The scene is the artist's home at Rottingdean on a hot summer's day. A couple of children pose by the front door of 'The Grange' wearing elegant costumes of the late 1830s. An indistinct figure watches them from the cool of the doorway; behind her a pattern of shadows is formed from the arch of the internal porch cutting across the window that lights the stairs. The sunlight has an almost Mediterranean intensity, giving a solidity to the Ionic colums of the porch and revealing the drip marks from the leading above. By contrast the right half of the canvas is in dappled shadow; light filtering through the leaves of a large tree outside the picture space that shades a sketchy, reclining figure in a red cloak. The red bow on a crook behind him suggests an Arcadian shepherd of the Downs. The size of the tree and the depth of the picture space is indicated by a swathe of bunting running from the tree above us to the porch, where a large Union Jack hangs like a portière curtain across the window above the porch. A gentle breeze lifts the bunting and softens the shadows beneath the tree.
On the 22nd June 1911 the artist's garden was the setting for a lavish pageant play 'St George for Merrie England', with which the inhabitants of Rottingdean celebrated the delayed coronation of George V. Most of the villagers took part, including the artist's eleven year old daughter Nancy. A wooden castle was built in the grounds to form a stage setting. After brief excursions into the time of the Druids and Romans, the theme of the pageant is revealed as the quest of St George and his knights for 'England beyond the Seas' whose help is needed. Aided by the Boat of Time, they pass from Saxon England (scene III) to Elizabethan England (scene IV), and with the aid of the Boy Scouts their quest finally ends with a series of Tableaux representing India, Canada, Australia, New Zealand and South Africa; finishing up with an Empire Song especially composed for the occasion. The celebrations then moved on to St Aubyn's School nearby where there were sports, including the wheelbarrow race (with the driver blind-folded) and a hobble-shirt race, followed by a sit-down tea for 500 adults, with 200 children entertained in the village school. Later that evening a torchlight procession, headed by the Fire Brigade, set off for Beacon Hill where a bonfire was lit and the firework display from Brighton enjoyed.
William Nicholson's only reference to the event is to be found in a letter to his friend and patron, T.W. Bacon, written five days later, 'I escaped the Coronation fuss and spent it at Rottingdean where no barricades grow'. This seems a curious understatement. For it is on record in the illustrated Souvenir of the Grand Pageant that, 'nearly two hundred of the residents participated in the play, which took place in the grounds of the 'Grange' by kind permission of William Nicholson, Esq'. The author of the Souvenir continues, 'unfortunately, the day was a somewhat depressing one, and the intermittent showers and strong south-westerly wind were very disappointing elements ... had the sun been shining it would have been the means of enhancing to a very considerable extent the effect of the performance'. It would therefore appear that Coronation Day in Rottingdean was neither hot, nor sunny, nor did the Pageant contain any figures in the elegant costumes of the 1830s. But undoubtedly there was the bunting and Union Jack, which the artist was to use to good effect in the double portrait of the Hart-David children, 1912 (private collection). The painting must therefore be seen as Nicholson's own Coronation Day Pageant on canvas. The Nicholson family loved theatricals and fancy dress, and in the 1920s the artist organised a series of pageants at Sutton Veney. However, in Rottingdean in 1911 he was a newcomer, having only moved to the village in the autumn of 1909. His house, which he named 'The Grange', had been the Vicarage until the previous year and its extensive grounds, consisting of fields enclosed by flint stone walls, featured in many of his landscape paintings; for example, Landscape near Rottingdean, 1910 (sold Sotheby's, London, 21 June 1995, lot 29) formerly in the collection of the subsequent owner of The Grange; Sir George Lewis, Bt. (Photographs of the Pageant taken from the illustrated Souvenir can be found in S.M. Moens, Rottingdean: The Story of a Village, 1953, pp. 151-154; these include the wooden castle in the garden of 'The Grange').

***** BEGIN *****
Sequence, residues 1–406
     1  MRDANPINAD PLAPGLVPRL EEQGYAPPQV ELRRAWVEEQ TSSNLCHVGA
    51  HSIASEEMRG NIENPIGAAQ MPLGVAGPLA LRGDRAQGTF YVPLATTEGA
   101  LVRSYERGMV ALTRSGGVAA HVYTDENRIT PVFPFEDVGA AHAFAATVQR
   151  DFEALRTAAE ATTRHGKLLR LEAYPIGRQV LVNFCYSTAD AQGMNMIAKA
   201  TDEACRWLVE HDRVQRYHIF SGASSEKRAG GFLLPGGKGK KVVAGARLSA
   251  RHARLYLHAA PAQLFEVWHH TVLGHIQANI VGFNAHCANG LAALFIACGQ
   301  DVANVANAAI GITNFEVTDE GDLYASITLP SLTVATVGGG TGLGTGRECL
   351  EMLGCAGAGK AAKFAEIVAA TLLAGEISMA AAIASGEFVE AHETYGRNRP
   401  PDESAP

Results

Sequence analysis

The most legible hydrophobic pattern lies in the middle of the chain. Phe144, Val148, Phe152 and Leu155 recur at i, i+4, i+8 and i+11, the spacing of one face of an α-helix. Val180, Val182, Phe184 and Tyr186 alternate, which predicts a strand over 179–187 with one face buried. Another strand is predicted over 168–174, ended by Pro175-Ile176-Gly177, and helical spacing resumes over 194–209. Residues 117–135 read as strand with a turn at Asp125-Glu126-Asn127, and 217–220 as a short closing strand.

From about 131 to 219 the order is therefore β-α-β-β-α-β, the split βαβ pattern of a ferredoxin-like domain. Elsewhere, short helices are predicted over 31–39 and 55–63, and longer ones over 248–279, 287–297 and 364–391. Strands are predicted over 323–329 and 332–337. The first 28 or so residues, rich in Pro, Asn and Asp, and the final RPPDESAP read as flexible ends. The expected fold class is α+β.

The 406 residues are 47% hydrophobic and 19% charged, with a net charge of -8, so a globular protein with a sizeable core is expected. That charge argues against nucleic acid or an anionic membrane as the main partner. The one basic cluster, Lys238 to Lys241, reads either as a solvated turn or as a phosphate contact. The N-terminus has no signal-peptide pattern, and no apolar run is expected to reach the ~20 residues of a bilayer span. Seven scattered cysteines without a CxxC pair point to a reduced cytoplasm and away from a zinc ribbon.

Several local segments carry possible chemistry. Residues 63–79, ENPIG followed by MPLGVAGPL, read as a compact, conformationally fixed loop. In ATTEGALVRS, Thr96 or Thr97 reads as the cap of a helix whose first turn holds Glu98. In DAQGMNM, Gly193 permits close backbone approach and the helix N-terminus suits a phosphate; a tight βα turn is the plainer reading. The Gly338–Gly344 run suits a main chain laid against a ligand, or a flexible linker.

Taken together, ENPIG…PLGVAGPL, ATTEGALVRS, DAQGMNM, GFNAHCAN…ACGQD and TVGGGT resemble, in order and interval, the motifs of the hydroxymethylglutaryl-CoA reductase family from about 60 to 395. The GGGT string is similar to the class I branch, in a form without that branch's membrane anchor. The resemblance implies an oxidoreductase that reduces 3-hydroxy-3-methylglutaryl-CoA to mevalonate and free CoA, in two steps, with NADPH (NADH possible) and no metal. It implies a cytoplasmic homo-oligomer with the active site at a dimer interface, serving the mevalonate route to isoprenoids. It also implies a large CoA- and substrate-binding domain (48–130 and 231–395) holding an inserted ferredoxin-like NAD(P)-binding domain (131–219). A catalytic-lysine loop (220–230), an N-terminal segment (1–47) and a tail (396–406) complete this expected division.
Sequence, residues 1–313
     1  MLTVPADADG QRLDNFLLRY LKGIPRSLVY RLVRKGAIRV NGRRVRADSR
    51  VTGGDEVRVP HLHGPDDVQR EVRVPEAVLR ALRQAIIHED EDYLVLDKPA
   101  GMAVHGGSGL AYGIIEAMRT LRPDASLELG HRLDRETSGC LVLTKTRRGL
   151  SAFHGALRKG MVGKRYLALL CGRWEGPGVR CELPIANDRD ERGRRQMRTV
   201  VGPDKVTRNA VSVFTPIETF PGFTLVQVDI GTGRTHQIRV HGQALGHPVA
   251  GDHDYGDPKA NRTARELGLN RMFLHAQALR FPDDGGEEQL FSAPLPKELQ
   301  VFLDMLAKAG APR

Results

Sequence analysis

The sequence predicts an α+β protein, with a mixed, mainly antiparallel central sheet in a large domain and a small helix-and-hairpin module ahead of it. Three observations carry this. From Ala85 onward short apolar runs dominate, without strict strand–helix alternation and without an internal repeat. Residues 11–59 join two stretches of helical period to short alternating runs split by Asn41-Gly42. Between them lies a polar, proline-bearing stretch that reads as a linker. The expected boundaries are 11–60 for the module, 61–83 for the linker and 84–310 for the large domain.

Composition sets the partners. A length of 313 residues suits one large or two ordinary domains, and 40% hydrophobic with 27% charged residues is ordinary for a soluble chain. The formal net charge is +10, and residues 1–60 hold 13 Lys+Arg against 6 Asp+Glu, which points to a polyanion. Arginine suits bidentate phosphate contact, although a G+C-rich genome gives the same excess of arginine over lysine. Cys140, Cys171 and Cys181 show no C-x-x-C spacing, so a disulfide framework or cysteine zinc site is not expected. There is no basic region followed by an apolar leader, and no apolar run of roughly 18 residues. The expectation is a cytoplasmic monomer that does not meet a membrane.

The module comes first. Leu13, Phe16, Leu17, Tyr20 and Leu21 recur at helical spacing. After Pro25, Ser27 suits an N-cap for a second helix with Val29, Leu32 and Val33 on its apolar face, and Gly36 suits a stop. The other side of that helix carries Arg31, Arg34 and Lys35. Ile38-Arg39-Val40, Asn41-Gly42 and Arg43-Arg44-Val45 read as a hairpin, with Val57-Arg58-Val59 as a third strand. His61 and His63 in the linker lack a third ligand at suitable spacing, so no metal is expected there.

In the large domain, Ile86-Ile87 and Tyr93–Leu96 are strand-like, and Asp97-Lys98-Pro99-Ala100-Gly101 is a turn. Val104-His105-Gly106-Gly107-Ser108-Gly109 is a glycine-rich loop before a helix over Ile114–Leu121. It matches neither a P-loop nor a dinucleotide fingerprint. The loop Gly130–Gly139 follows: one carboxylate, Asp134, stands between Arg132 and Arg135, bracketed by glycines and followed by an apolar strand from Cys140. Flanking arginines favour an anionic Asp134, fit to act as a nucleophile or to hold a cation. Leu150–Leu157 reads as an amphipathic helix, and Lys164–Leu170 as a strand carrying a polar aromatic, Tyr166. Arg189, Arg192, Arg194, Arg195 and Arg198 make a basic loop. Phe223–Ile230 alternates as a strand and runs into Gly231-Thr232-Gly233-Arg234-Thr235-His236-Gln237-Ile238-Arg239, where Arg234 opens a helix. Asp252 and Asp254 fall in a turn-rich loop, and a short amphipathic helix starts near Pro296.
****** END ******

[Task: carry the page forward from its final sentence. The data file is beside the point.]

Coronation Day at Rottingdean has obvious links with Nicholson's highly successful The First Communion, 1907, shown at the Royal Academy exhibition in 2005, no. 8, such as the shadowy figure in the doorway and the dark window openings. These flat architectural façades set in a shallow picture space feature in several works, but the division into light and shade is novel, and little details such as the shadow patterns in the doorway are very confident. There is also a greater sense of depth to the picture space. The identity of the children is unknown. Lillian Browse identifies the little girl as Jennie Carpenter, a favourite model of Nicholson's at this date, but she was blonde - as in Jennie as Infanta, 1911, sold Christie's, London, 7 June 1985, lot D, and the costume is of a later period (see Browse, op. cit, no. 195). As to the small boy, despite his shiny stove-pipe hat, he appears to be considerably shorter than his partner and may have been added to focus attention on the doorway group; the original intention being that the girl should look to the figure beneath the tree.
We are very grateful to Patricia Reed for providing the catalogue entry for this lot and lot 96.